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Women in Engineering Program

In the past twenty years there have been major changes in girls' science, math, engineering and technology (SMET) achievement and course taking. There are now minimal differences in girls and boys "average" science and math scores on the National Assessment of Educational Progress tests. Girls are now taking the upper level math and science courses needed to enter engineering in about the same numbers as boys, with over 40% of high school physics and calculus students being girls. Yet, while the ability is there, as is the basic academic background needed to continue on in engineering, for a number of individual and societal reasons, young women are not continuing on in engineering. Indeed, among students taking the SAT, over three-quarters of those wanting to major in engineering and computer science are boys and the percent of women majoring in engineering hovers around 20%. There is an existing knowledge base that can and should be used to address this issue, however much is left to be learned. While work needs to be done to help more young women to become interested in engineering as a career, work also needs to be done to keep young women in engineering through college and beyond.

It is in this context that the Foundation is interested in funding programs in the following areas:
  1. Programs to Encourage Middle School Girls in Engineering conducted by engineering educators and others that encourage them to prepare for and undertake careers in engineering. The Foundation is particularly interested in new programs or modules, which, if they are found to be effective, will be continued within the applying institution(s). These programs supported by the Foundation are expected to test their effectiveness, to examine program impact on participant educational and career plans and on their SMET participation and achievement. Grants should range between $5,000 and $15,000 per year.

  2. Programs designed to improve the retention rate of undergraduate women in engineering. These may cover such diverse areas as classroom, climate, learning behaviors, classroom pedagogies and academic and social support programs. It is expected that the programs will examine their impact on SMET achievement. Grants are expected to range between $5,000 and $25,000 per year.
Special Proposal Review Criteria

Proposals should include how the program would contribute to the knowledge base of what works and what doesn't in increasing the numbers of women in engineering.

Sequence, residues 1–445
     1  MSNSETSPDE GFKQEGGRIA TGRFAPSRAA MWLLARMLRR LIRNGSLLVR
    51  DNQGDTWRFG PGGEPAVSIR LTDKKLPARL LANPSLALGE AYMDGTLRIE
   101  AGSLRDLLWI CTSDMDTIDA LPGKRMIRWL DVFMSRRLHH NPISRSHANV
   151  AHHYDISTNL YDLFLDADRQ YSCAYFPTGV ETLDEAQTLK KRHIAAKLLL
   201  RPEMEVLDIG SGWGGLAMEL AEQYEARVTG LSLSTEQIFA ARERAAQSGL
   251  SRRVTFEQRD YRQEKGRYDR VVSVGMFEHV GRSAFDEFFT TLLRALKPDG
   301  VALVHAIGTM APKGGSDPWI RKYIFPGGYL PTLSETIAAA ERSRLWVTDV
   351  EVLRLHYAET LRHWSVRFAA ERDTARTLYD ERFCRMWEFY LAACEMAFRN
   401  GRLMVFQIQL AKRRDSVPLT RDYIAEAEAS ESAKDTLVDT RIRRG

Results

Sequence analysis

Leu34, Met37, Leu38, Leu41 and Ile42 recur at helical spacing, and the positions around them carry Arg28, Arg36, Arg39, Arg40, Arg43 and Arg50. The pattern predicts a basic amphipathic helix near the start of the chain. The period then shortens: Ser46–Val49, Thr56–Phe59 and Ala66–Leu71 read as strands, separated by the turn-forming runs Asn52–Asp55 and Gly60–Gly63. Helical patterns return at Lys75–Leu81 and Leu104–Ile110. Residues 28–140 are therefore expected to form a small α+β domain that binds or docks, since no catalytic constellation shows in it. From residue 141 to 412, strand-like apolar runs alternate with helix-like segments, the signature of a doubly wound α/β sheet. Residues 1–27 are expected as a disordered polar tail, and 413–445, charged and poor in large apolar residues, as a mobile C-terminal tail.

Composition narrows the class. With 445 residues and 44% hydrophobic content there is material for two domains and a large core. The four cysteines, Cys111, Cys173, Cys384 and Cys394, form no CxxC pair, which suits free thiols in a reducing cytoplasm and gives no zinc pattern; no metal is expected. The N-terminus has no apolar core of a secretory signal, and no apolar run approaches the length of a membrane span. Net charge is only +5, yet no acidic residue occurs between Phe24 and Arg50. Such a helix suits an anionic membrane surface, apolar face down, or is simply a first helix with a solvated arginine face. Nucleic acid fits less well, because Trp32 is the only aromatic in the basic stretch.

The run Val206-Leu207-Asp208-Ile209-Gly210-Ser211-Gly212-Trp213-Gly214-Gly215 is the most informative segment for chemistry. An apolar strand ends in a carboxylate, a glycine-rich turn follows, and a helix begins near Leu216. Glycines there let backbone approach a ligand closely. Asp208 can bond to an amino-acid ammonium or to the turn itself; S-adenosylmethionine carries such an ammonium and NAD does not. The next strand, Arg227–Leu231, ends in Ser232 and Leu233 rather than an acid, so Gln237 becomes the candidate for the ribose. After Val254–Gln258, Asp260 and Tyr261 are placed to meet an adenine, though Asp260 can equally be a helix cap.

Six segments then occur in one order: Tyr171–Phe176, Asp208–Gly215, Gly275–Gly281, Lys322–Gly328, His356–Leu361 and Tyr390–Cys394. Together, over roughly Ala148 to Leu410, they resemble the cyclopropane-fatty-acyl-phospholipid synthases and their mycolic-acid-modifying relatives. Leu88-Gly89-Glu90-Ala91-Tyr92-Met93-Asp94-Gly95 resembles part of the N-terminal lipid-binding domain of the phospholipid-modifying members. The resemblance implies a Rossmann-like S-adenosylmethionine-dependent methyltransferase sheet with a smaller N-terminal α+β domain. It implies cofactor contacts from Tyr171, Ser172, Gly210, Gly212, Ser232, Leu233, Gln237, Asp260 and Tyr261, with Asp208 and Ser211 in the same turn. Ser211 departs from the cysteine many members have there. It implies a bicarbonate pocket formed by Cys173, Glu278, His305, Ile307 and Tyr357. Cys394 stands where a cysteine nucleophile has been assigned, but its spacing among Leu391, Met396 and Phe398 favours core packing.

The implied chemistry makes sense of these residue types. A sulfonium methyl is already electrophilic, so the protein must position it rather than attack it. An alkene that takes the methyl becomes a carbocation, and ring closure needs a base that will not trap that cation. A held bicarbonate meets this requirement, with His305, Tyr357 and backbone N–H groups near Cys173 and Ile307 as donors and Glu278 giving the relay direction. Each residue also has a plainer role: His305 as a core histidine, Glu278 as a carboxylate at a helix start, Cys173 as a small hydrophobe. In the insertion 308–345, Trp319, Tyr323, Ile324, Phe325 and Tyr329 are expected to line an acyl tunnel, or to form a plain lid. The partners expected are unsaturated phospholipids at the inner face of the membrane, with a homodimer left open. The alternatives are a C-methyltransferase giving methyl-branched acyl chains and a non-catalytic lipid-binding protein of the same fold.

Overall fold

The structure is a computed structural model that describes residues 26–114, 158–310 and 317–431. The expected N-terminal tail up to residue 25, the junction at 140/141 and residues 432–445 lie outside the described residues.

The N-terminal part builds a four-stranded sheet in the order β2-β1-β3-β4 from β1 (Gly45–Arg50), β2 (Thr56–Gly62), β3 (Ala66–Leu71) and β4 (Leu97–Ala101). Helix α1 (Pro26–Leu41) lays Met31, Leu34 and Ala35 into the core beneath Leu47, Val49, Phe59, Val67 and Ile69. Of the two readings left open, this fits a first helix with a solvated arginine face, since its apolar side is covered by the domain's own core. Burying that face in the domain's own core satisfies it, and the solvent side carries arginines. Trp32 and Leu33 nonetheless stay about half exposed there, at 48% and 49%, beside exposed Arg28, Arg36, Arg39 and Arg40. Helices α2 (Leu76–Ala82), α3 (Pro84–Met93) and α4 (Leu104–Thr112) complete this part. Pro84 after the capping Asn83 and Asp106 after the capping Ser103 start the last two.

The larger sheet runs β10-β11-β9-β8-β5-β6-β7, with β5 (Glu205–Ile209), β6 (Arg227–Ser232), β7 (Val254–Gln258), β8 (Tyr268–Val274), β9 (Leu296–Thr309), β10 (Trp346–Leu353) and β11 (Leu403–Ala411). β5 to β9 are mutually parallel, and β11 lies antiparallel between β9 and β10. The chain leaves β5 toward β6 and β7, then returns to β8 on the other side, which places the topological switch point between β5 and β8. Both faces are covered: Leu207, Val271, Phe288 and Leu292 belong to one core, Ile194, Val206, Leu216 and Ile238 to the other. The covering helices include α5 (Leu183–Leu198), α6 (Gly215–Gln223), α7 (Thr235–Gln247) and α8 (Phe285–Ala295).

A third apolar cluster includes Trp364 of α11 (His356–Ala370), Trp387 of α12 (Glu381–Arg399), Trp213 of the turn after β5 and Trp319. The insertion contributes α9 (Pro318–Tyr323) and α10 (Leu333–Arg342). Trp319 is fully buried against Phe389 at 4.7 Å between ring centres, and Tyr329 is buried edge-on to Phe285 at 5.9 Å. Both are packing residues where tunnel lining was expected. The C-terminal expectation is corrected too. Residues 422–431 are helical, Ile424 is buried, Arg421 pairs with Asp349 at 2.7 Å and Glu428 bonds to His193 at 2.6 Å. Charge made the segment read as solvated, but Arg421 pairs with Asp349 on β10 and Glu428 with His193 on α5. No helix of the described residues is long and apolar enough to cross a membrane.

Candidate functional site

In addition to general information HERE, the proposal should include the following components:
  • An overview of the problem (please note the statement of the problem should go beyond a listing of the numbers and percentages of women in engineering and engineering prerequisites to address that which is behind those numbers).
  • A summary of related work in the field, including similar programs that have been implemented and any impact that has been made.
  • An evaluation plan that makes explicit how the impact of the project on participants will be tested.
  • A plan for continuing the program after the funding period.

EWB Chapter Diversity Funding Program

Research has shown that the more women are engaged in engineering school, the more likely they are to graduate and become working engineers. Female students that participate in EWB activities fall into this category. Due to the large number of proposals that EiF receives from EWB chapters, we are instituting a formal EWB program focusing on gender diversity.

EiF will support EWB teams that are all-female, or a majority female. The project leader of the team MUST be female. Under this program, EiF will fund a maximum of 2 grants per year of $5,000 each (only) to EWB chapters.

Proposals should be sent in the normal manner, with a cover letter that clearly communicates the mailing address and email address for your contact person (see How to Apply), but additional details on the team's gender composition MUST be included. If a grant is awarded, an evaluation report must be submitted at the end of the grant period. The report should contain a detailed narrative account of what was accomplished and the goals fulfilled, a financial account and copies of any publications resulting from the grant. (See Info for Grantees)

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